This is one of the K Zoom's most successful captures. It's properly exposed at f/4.7 and 1/90 second, and a sensitivity of ISO 100 helped to minimize noise, even when viewed at a 1:1 ratio. Colors are accurate and details are perfectly sharp for sharing on social media.
This final frame, also at ISO 100, was captured at f/4.6 and 1/54 second, yielding sharp details. Some elements are slightly overexposed, such as the man's white shirt and the Chinese portion of the Taipei Zoo sign, but the vegetation is spot-on, with accurate colors throughout.
Performance and battery life
The K Zoom is hands-down a better camera and a better smartphone than the Galaxy S4 Zoom. Performance is significantly improved -- the K Zoom is definitely in an entirely different class. It's not, however, anywhere near as capable as flagship smartphones like the Galaxy S5, LG G3 and HTC One M8. Not that it needs to be. The Zoom handles basic tasks and apps with ease, and while it's sluggish in camera mode at times, the biggest performance-related issue has to do with battery life.
On the surface, the K Zoom's 2,430mAh battery performs very well. In our formal rundown test, the phone lasted for nearly 10 hours of 720p video playback with the display fixed at 50 percent. That's actually on par with the Galaxy S5, which delivered roughly the same longevity with this particular test. That phone has a 2,800mAh cell on board, but it's powering a much larger (5.1-inch) 1080p display. So, if you're planning to use the Zoom for email, web browsing and consuming media, you should be able to make it through an entire day.
Capturing content is an entirely different story. My planned full-day outing was cut short when the battery died at 3:17 in the afternoon, having been chugging along since just before 9 o'clock that morning. During those six and a half hours, I spent about two hours shooting more than 350 photos and 15 minutes of HD video, an hour navigating Taipei using Google Maps, a few minutes uploading pictures to Instagram and Hangouts and the rest of the time idling, with the phone in standby mode in my pocket.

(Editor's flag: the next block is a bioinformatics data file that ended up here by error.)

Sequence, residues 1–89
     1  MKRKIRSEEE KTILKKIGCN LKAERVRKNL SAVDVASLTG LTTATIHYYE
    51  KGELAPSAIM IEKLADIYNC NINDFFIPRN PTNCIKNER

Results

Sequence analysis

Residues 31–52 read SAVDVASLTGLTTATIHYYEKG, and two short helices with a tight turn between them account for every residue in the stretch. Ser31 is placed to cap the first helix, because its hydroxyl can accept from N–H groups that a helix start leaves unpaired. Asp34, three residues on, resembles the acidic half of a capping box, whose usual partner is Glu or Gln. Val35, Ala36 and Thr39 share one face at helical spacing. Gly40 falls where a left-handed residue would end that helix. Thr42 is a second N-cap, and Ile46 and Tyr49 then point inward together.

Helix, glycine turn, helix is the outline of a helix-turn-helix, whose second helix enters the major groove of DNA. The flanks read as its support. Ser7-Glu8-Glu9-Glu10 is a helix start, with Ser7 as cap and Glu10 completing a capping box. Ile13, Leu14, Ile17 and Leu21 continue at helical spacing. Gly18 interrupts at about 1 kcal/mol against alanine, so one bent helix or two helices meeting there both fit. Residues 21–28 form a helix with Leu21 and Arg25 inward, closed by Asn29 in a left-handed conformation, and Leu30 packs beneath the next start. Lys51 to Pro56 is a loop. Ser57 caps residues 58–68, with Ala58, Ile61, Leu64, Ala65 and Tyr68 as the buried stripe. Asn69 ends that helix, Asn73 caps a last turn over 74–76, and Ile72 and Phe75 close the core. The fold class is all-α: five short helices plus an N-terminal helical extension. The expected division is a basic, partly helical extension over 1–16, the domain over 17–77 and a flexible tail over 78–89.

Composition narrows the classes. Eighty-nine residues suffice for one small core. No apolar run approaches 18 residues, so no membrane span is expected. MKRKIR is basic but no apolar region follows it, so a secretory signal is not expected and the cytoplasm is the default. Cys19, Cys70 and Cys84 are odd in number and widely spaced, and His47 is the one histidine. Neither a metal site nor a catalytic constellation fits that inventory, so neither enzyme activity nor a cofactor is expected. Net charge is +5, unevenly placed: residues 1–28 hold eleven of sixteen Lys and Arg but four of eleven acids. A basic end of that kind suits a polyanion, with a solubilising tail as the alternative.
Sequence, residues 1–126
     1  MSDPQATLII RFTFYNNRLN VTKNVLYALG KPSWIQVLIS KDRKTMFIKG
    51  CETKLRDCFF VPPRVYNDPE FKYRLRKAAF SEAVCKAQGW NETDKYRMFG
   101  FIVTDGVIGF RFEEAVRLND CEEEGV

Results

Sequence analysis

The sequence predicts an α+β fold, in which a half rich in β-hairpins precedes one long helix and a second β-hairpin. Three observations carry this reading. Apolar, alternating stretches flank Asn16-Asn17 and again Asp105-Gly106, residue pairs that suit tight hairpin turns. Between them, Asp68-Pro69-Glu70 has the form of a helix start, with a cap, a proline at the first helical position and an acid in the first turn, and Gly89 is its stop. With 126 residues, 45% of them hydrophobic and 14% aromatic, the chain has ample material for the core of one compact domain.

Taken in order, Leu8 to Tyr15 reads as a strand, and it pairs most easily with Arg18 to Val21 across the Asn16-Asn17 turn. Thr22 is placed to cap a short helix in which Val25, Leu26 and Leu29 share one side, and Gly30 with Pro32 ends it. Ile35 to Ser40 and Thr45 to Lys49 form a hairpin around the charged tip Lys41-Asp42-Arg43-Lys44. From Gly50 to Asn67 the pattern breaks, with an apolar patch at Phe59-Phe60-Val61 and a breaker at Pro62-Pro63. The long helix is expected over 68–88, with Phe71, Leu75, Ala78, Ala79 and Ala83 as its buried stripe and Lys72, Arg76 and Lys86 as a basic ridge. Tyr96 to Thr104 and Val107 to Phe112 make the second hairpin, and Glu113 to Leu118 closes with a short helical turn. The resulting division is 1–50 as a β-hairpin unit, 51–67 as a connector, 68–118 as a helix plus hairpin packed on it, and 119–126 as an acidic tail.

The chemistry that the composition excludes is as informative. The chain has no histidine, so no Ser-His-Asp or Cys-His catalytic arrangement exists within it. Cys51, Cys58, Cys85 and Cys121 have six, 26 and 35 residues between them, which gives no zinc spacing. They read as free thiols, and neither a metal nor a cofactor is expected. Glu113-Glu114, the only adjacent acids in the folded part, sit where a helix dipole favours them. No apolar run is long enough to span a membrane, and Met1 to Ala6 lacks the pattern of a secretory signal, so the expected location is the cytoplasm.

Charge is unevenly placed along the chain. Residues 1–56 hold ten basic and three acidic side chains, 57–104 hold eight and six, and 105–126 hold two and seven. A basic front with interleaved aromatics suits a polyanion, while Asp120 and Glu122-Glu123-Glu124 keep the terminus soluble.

The depletion rate ranged from 10 percent per hour when using the K Zoom for ordinary smartphone activities to 60 percent when capturing 1080p video, so if you're planning to shoot for more than an hour or so each day, you'll absolutely need to bring along an extra battery. Assuming you'll use the K Zoom as you would your current smartphone, capturing only the occasional still photo or video clip each day, you should do alright, but if you expect to snap hundreds of pictures each day on vacation, as many photographers do, the battery's performance is unacceptable.
Samsung has yet to announce US pricing and availability for the K Zoom, but it's now available in Europe and select countries in Asia. In the UK, the phone is priced at £400, while elsewhere in Europe it can be had for €499. Considering both of those prices come in around $680, it wouldn't be unreasonable to expect the Zoom to run upwards of 600 bucks if it ever hits American shores. That's a lot of cash for a smartphone that lacks flagship specs.
With image quality on par with a sub-$200 camera (and inferior performance), you'll probably be better off buying a separate camera and smartphone. There's clearly appeal to having a two-in-one device like the K Zoom, and while Samsung's made progress here, the hybrid Galaxy isn't quite ready for prime time.
Update: The original version of this review implied that the Galaxy K Zoom excludes image stabilization. Instead, OIS is present, but it's generally ineffective. Additionally, while Instagram is still unable to access the 10x optical zoom, an updated version of the Vine app has on-screen zoom controls and is able to take full advantage of the lens.